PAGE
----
From labor disputes cases to labor and employment publications, for your research, you’ll find solutions on Bloomberg Law®. Protect your clients by developing strategies based on Litigation...
March 19 --Two union-represented poultry processing workers seeking overtime pay for time spent changing out of and into protective clothes during their 30-minute unpaid meal breaks have no triable Fair Labor Standards Act or Illinois law claim, a divided U.S. Court of Appeals for the Seventh Circuit ruled March 18 (Mitchell v. JCG Indus., Inc., 2014 BL 74671, 7th Cir., No. 13-2115, 3/18/14).
Affirming summary judgment for JCG Industries Inc. and Koch Foods Inc., the court said the U.S. Supreme Court decision in Sandifer v. U.S. Steel Corp., 134 S. Ct. 870, 21 WH Cases2d 1477 (2014) (17 DLR AA-1, 1/27/14), supports the principle that under FLSA Section 203(o), “the compensability of time spent changing clothes or washing is a subject appropriately committed to collective bargaining.”
As the plaintiffs' union has agreed with their employer that time spent changing at the beginning and end of the workday is non-compensable and that meal periods are unpaid, the court said it wouldn't upend that arrangement for what it called “minimal” employee time spent removing and putting on sanitary lab coats, aprons, gloves and hairnets.
Even if Section 203(o) does not apply to meal breaks, the court said a “de minimis” doctrine applicable under both the FLSA and state law prevents the poultry workers from pursuing statutory claims for extremely short periods of time spent donning or doffing sanitary gear worn over their regular clothes.
In passing FLSA Section 203(o) in 1947, Congress intended to avoid statutory interpretations at odds with “long-established customs, practices, and contracts between employers and employees,” the court said.
“Employer and union in this case have agreed not to count the tiny donning/doffing times as compensated work,” Judge Richard A. Posner wrote. “Doubtless the union required compensation for that concession to the employer. The plaintiffs in this case are trying to upend the deal struck by their own union.”
Judge Kenneth F. Ripple joined in the majority opinion.
In dissent, Judge Diane P. Wood said the majority ignores the Labor Department's “continuous workday” rule in holding Section 203(o) applies to mid-shift meal breaks, misreads Sandifer, and makes factual determinations about time spent donning and doffing that stray far from an appeals court's proper role.
“I would find that these employees have the right in principle to compensation for their donning, doffing, and cleaning time during the workday (and in particular before and after lunch), and I would remand for trial to determine how much time those activities actually consume,” Wood wrote.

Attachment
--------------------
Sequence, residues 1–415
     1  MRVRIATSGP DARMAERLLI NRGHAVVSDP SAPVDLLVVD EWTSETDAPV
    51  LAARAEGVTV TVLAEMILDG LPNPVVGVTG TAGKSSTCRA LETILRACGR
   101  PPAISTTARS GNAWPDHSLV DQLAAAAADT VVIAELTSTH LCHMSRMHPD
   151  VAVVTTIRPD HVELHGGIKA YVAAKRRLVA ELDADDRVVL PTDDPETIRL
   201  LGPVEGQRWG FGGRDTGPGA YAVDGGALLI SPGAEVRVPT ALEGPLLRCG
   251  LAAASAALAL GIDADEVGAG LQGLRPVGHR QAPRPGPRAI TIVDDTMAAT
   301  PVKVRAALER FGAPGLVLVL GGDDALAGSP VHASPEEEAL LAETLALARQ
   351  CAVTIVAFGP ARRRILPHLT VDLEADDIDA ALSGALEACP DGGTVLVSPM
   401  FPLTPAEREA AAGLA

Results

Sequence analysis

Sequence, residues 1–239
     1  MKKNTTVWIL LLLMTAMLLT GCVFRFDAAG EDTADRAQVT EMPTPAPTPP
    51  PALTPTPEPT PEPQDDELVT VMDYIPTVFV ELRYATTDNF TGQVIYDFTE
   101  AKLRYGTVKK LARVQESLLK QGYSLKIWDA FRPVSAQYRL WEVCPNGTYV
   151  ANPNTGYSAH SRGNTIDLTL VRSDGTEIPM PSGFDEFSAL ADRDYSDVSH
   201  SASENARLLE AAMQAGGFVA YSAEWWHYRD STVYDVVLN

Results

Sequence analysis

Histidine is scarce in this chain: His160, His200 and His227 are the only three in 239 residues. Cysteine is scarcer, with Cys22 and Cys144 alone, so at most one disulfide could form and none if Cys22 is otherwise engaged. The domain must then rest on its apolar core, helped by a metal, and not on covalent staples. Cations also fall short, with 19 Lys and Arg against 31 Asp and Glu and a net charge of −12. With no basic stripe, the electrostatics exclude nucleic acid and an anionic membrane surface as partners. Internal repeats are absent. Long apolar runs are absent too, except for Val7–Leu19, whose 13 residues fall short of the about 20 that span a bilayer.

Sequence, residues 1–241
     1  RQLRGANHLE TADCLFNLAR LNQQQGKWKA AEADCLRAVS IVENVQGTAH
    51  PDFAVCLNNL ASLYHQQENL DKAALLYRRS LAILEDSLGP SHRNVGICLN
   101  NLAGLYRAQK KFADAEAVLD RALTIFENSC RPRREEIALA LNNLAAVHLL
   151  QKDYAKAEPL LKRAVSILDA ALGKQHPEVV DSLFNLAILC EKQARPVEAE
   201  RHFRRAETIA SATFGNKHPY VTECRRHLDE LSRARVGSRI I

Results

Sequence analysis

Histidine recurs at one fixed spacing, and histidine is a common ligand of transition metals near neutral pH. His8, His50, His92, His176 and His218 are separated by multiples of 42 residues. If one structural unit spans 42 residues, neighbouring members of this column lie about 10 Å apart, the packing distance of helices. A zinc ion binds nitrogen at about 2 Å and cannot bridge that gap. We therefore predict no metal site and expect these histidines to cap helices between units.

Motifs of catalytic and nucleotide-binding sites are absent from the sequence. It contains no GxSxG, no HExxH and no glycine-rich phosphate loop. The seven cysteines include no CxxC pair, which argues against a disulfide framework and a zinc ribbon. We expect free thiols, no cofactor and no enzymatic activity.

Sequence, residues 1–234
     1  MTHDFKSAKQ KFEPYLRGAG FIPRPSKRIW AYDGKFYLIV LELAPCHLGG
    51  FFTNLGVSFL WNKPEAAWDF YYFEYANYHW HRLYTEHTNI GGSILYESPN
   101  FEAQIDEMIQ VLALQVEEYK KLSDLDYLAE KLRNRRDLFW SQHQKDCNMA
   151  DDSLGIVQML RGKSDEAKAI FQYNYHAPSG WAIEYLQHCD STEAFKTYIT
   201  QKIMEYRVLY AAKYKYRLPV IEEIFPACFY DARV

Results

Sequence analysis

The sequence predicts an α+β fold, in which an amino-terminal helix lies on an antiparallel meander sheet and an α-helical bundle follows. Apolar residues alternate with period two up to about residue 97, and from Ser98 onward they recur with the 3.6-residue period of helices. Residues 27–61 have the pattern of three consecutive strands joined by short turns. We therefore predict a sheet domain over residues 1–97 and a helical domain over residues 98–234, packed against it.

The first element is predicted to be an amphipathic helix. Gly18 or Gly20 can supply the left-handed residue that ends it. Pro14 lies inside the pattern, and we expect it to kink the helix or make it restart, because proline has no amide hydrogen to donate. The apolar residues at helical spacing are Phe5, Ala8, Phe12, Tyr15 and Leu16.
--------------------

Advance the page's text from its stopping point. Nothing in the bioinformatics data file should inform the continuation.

“As I read the Illinois Minimum Wage Act, plaintiffs are entitled to compensation for their donning, doffing, and washing time, both at the beginning and end of the workday and during their lunch break,” the dissent said. “The FLSA independently protects their right to compensation for the lunch-break time. I would remand this case for fact-finding on exactly how much time this is.”
The Supreme Court decision in Sandifer emphasized the congressional preference for collective bargaining on whether union-represented employees should be paid for time spent washing and changing clothes at the beginning or end of workdays, the Seventh Circuit said.
Although Section 203(o) literally applies to activities undertaken at the beginning or end of a “workday,” the appeals court said the poultry workers could be deemed to work two four-hour workdays, with an unpaid meal period in between during which the workers must wash and remove their protective clothes prior to eating and then don their protective clothes before returning to the poultry processing line.
Under the employer's collective bargaining agreement with the Chicago Joint Board of the Retail, Wholesale and Department Store Union, the poultry workers are not paid for time spent washing or changing clothes, whether at the beginning or close of their shifts or during meal breaks, the court said.
The Section 203(o) exception can be applied to the meal break period, the Seventh Circuit said.
“To interpret section 203(o) narrowly disserves the interest of workers by narrowing the scope of collective bargaining and, as in this case, setting a group of workers against their union,” the court said. “There are good practical reasons why the union in this case did not negotiate for making the time compensable.”
Among those reasons are that an employer would “have to keep tabs” on how long it takes each worker to change, the court said. “Unless the employer both fixed a rigid outer limit for time spent changing and monitored compliance, employees would have an incentive to dawdle at changing in order to increase their wage--which remember is an overtime wage,” Posner wrote.
“These complications could be avoided if time spent during the meal break in actually eating had to be compensated,” the court said. “For then the employer would know he had to pay every employee one-half hour of overtime wage in addition to eight hours of the employee's regular wage.”
But the Labor Department's FLSA regulations exclude “bona fide” meal periods from compensable time and the plaintiffs don't allege their meal breaks weren't genuine, the court said.